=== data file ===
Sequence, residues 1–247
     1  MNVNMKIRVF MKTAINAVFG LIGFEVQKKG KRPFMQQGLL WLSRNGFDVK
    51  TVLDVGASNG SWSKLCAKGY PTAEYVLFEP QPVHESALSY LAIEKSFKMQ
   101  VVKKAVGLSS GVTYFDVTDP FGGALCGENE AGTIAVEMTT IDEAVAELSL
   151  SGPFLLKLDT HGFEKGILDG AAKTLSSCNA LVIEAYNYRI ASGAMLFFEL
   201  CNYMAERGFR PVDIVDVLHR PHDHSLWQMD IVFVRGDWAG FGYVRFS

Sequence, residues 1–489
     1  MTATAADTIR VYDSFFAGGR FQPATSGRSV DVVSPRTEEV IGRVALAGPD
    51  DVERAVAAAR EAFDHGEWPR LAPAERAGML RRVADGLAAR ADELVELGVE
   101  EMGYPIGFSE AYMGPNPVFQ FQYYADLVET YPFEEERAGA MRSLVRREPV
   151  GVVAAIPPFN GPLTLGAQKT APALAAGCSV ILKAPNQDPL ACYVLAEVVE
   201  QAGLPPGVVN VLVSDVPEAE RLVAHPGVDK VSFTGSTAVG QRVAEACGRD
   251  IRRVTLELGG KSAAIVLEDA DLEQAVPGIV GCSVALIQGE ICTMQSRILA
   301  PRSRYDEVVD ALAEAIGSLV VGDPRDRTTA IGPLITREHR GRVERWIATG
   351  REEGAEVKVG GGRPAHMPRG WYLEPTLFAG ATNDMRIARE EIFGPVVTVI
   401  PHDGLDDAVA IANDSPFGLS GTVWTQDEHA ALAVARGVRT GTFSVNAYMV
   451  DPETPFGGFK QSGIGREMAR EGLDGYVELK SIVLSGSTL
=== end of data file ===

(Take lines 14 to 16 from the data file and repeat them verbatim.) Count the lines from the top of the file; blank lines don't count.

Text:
   301  PRSRYDEVVD ALAEAIGSLV VGDPRDRTTA IGPLITREHR GRVERWIATG
   351  REEGAEVKVG GGRPAHMPRG WYLEPTLFAG ATNDMRIARE EIFGPVVTVI
   401  PHDGLDDAVA IANDSPFGLS GTVWTQDEHA ALAVARGVRT GTFSVNAYMV